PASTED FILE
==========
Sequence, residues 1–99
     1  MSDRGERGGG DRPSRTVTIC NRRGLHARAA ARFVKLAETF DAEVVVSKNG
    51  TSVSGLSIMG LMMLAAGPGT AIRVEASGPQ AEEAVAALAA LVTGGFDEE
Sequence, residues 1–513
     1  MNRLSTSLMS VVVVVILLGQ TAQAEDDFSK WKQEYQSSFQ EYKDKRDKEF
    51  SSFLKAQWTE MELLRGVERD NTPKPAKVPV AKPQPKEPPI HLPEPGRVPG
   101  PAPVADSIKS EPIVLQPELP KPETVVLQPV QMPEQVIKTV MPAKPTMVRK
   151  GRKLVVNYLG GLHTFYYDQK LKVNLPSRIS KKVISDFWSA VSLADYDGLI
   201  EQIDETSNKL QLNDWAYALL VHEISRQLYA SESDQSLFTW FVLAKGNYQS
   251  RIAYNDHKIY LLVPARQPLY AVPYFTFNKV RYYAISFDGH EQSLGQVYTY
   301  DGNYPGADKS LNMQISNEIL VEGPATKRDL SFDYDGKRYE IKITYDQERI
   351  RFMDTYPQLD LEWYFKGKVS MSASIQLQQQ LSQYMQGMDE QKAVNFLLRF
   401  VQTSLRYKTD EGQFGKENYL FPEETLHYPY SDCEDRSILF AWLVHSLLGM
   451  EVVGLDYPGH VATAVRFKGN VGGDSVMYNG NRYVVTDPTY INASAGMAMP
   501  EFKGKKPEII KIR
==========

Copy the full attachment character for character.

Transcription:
Sequence, residues 1–99
     1  MSDRGERGGG DRPSRTVTIC NRRGLHARAA ARFVKLAETF DAEVVVSKNG
    51  TSVSGLSIMG LMMLAAGPGT AIRVEASGPQ AEEAVAALAA LVTGGFDEE
Sequence, residues 1–513
     1  MNRLSTSLMS VVVVVILLGQ TAQAEDDFSK WKQEYQSSFQ EYKDKRDKEF
    51  SSFLKAQWTE MELLRGVERD NTPKPAKVPV AKPQPKEPPI HLPEPGRVPG
   101  PAPVADSIKS EPIVLQPELP KPETVVLQPV QMPEQVIKTV MPAKPTMVRK
   151  GRKLVVNYLG GLHTFYYDQK LKVNLPSRIS KKVISDFWSA VSLADYDGLI
   201  EQIDETSNKL QLNDWAYALL VHEISRQLYA SESDQSLFTW FVLAKGNYQS
   251  RIAYNDHKIY LLVPARQPLY AVPYFTFNKV RYYAISFDGH EQSLGQVYTY
   301  DGNYPGADKS LNMQISNEIL VEGPATKRDL SFDYDGKRYE IKITYDQERI
   351  RFMDTYPQLD LEWYFKGKVS MSASIQLQQQ LSQYMQGMDE QKAVNFLLRF
   401  VQTSLRYKTD EGQFGKENYL FPEETLHYPY SDCEDRSILF AWLVHSLLGM
   451  EVVGLDYPGH VATAVRFKGN VGGDSVMYNG NRYVVTDPTY INASAGMAMP
   501  EFKGKKPEII KIR